Why not observe the back EMF or the rotor flux on each phase? It's easy to do, since there are no coordinate transformations involved. The fast loop can certainly handle the numeric integration and sliding-mode compensator on all three phases. (It would have to do two components plus a coordinate transform and an arctan anyway.) But then how do you get to the rotor angle? Here is where I start digging a brand new rabbit hole...

I can get the rotor angle the same way I do now. All I need are fake Hall effect sensors for my fake motor.

Since I am observing back EMF or flux on each phase, I can easily (with if statements) detect zero crossings and flag a fake Hall effect sensor transition. This can then feed my existing controller, including the sine wave interpolation, with no modification at all. The rotor angle is calculated by the existing interpolation routine with no need for arctan. It's unconventional, which I like, but I really think it will work and it's simpler than what's out there.

So far, I'm ignoring the problem of start-up, the noisy current sensors, and many other practical issues like the fact that I can't yet program my controller wirelessly and it's buried in my scooter... I'll need to solve some of these in the near future before I can really test this out. But it's on the horizon, and now that it's in writing, I have to do it...

Saturday, April 2, 2011

EVER '11

I'm back!

EVER (the international conference on Ecological Vehicles and Renewable Energies, except with the R and E reversed because it is French) is my favorite conference EVER. Last time, the Cap Kart crew and I went in 2009, confused a lot of professors, and ate crepes. This time, Charles and I went in 2011, confused a lot of professors, and ate crepes. Oh, and test-drove an electric box thing that (probably) ran on an Arduino:

...all the Nissan Leaves were spoken for, okay?

Actually, I kinda liked it because you could clearly feel all the inner workings of the electric drive. It reminded me of the Cap Kart...you had to press an LED-lit button with an arrow on it to choose forward or reverse, and it had the turning radius of a small truck. Not sure how well that bodes for commercialization, but it was fun in sport mode, anyway.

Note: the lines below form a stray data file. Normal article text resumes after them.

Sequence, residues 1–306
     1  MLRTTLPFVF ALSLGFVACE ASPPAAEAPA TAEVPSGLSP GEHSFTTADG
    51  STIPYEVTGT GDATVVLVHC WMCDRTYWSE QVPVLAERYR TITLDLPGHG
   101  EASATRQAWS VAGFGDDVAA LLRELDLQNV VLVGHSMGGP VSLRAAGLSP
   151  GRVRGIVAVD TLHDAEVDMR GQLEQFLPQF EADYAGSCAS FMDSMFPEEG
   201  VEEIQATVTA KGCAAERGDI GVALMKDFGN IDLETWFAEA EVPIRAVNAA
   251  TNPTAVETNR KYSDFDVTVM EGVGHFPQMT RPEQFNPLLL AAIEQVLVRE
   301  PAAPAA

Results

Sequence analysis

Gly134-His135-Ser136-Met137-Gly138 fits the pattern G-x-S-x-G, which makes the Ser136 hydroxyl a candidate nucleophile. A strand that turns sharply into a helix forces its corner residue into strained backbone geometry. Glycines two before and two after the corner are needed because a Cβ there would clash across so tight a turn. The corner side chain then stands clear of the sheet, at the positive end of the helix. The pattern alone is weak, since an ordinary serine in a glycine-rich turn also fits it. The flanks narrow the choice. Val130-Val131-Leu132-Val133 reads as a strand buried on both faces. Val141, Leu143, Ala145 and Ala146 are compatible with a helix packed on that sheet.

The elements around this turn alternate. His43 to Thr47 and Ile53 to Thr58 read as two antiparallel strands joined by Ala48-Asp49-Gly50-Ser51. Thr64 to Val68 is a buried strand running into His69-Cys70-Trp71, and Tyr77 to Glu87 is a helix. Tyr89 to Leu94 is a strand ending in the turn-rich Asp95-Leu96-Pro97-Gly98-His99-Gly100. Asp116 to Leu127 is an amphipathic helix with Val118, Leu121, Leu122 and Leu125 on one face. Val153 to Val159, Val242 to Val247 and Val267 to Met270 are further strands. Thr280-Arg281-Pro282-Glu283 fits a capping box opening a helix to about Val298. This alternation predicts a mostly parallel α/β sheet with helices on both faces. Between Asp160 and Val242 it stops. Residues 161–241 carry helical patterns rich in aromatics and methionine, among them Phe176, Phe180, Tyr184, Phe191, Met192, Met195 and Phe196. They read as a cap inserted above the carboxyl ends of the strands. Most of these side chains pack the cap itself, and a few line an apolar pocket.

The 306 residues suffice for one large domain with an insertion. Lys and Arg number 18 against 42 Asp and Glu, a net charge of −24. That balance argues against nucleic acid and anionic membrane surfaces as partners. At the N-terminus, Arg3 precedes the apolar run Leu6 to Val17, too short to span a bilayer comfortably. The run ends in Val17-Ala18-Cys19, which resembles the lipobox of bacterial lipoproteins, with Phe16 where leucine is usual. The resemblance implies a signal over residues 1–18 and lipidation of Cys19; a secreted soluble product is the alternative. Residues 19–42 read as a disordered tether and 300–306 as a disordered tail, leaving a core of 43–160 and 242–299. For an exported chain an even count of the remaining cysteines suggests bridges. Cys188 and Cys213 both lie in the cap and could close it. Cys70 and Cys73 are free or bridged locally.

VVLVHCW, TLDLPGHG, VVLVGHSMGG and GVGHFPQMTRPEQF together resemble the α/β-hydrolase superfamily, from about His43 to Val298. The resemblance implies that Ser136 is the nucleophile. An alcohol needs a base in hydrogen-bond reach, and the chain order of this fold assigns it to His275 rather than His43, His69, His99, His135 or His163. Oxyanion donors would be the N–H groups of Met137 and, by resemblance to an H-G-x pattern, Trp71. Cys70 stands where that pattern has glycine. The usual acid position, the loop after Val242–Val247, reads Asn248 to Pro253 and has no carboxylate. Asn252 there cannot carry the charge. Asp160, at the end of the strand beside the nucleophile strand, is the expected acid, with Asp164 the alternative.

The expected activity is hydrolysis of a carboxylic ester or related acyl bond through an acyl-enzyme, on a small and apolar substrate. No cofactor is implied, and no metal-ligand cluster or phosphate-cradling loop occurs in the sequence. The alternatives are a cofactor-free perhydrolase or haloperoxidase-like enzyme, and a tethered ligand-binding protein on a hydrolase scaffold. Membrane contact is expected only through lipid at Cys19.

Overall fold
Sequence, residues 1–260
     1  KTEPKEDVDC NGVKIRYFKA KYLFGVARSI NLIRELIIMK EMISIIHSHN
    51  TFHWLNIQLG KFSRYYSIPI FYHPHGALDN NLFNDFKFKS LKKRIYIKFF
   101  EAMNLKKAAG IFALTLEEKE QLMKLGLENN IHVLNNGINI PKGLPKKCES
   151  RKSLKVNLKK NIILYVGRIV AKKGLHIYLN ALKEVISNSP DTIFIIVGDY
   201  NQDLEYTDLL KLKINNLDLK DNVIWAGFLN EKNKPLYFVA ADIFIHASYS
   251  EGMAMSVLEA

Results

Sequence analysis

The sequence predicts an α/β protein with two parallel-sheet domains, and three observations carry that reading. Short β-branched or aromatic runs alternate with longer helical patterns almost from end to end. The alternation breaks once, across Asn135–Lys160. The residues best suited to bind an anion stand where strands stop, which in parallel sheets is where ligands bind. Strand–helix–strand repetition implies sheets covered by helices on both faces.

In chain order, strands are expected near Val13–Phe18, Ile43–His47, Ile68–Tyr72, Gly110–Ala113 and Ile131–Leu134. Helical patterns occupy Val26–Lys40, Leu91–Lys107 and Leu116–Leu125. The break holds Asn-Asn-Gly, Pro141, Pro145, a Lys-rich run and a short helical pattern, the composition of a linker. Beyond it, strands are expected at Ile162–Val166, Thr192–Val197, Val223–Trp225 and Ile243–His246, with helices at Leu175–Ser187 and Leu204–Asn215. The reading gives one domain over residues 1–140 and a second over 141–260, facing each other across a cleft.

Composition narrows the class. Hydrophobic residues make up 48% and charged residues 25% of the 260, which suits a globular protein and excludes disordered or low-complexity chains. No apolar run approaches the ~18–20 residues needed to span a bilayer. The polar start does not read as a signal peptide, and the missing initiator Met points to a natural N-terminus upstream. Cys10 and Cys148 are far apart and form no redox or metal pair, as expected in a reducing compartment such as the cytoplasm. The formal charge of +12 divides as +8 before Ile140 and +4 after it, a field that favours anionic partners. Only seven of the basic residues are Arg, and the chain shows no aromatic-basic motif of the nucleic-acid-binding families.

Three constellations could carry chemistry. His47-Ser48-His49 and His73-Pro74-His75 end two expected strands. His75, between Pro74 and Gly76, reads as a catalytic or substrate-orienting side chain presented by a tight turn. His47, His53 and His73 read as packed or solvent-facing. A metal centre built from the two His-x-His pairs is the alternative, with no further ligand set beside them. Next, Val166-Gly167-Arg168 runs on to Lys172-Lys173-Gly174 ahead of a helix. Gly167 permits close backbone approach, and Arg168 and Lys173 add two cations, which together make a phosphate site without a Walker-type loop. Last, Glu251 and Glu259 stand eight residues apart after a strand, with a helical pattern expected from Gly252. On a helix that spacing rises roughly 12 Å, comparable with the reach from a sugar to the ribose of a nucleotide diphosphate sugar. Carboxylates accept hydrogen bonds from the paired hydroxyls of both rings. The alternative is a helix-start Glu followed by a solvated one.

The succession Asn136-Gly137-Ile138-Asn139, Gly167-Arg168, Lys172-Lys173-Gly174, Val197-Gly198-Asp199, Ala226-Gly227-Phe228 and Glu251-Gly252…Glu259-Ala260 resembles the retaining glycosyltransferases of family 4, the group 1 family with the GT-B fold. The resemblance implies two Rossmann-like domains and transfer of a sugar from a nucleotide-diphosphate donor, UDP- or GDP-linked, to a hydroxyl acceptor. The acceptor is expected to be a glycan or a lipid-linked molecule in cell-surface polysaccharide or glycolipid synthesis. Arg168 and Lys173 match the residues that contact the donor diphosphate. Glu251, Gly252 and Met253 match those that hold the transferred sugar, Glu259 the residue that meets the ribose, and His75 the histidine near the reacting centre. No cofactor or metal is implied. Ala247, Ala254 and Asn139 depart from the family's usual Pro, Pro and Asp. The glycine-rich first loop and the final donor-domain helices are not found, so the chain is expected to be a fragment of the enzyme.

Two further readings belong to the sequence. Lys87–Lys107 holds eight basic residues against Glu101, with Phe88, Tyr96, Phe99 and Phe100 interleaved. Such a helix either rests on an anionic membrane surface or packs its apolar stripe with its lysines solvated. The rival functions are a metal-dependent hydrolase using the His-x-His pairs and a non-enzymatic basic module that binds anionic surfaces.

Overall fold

Actually, we were there to present a paper on Miniature Electric Hub Motors, which if you're new to this game, is the key technology in Pneu Scooter, BWD, and about one third of the crazy things Charles builds. Generally speaking, the miniature hub motors are more of a fun hobby for us, but we really couldn't pass up this opportunity to disrupt the atmosphere of an academic conference with them.

Yo, where can we park these?

Oh right, I forgot to mention that we brought hardware. As it turns out, both Pneu Scooter and RazEr rEVolution fit well into checked air baggage. (I took Pneu Scooter to and from Singapore as I was completing it.) The only tricky part is the lithium batteries, but according to the TSA, one large (up to 300Wh) battery installed in a device is allowed in checked baggage. Pneu Scooter's battery clocks in at 145Wh, so I should be fine, right? ... Right?

Overall, the presentation was well-received. The chair for our session was Professor Zhu, who is sort-of like a permanent magnet motor deity. In fact, at EVER '09, he delivered the keynote presentation on fractional-slot PM motors, which is exactly the type that we tend to use for the mini hub motors. Of course, then, one of our main goals was to get Prof. Zhu to test drive the scooters.

Mission accomplished.

The academic conference was fairly standard - a lot of math. The highlight, for me, was a dirt-simple explanation of sensorless control using a flux observer that is exactly what I've been looking for. Sensorless control may be silly for EVs, but I'm still willing to give it a try just to see if I can implement it on my hardware. My hunch is that I will have to improve my current sensors a bit. (3ph 4.0?)

The best thing about bringing vehicles, though, is that we got to crash some of the concurrent events, such as the two-wheel vehicle Ride and Drive...

...and the two-wheel vehicle Acceleration Test...

...which I'm not sure we were supposed to be allowed to do. Considering that the other entries all used pedal assist (and one had more than the nominal two wheels), and absolutely none of them fit in a suitcase, the mini hub motor scooters put up a good fight. I think most people were surprised; I don't know if that's because the scooters actually kept up with the e-bikes, or if it was because they had no idea where we came from or if we were even entered in the race.

Overall, another fun trip to the weird bubblestate of Monaco. I leave you with my proposal for how all suitcases should be constructed:

Fuck little plastic wheels.

Twitch Cam

Apparently, my confused little robot Twitch, Jr. is a star on Japanese television...it's been on three different shows. (Part of the MITERS Japanese TV blitz of 2011.) But Twitch recently found its true calling in life,which is not to be in front of a camera, but rather underneath one:

Not only does it look freaking epic, but it also performs exceptionally well. The extra weight of the large camera keeps all four wheels on the ground and damps a bit of Twitch's...er, twitchy...acceleration. And since it's a (piecewise) holonomic robot, it can track in and out, side to side, or pan. Or it can switch to full holonomic mode and do all three. Here's Twitch frolicking in its newfound favorite mission:


I'll post the on-board video when I get it (not my camera, obviously). So, the next step is to build a pan-tilt rig on top and then Surveillance Twitch will be complete...coming to an HVAC duct near you.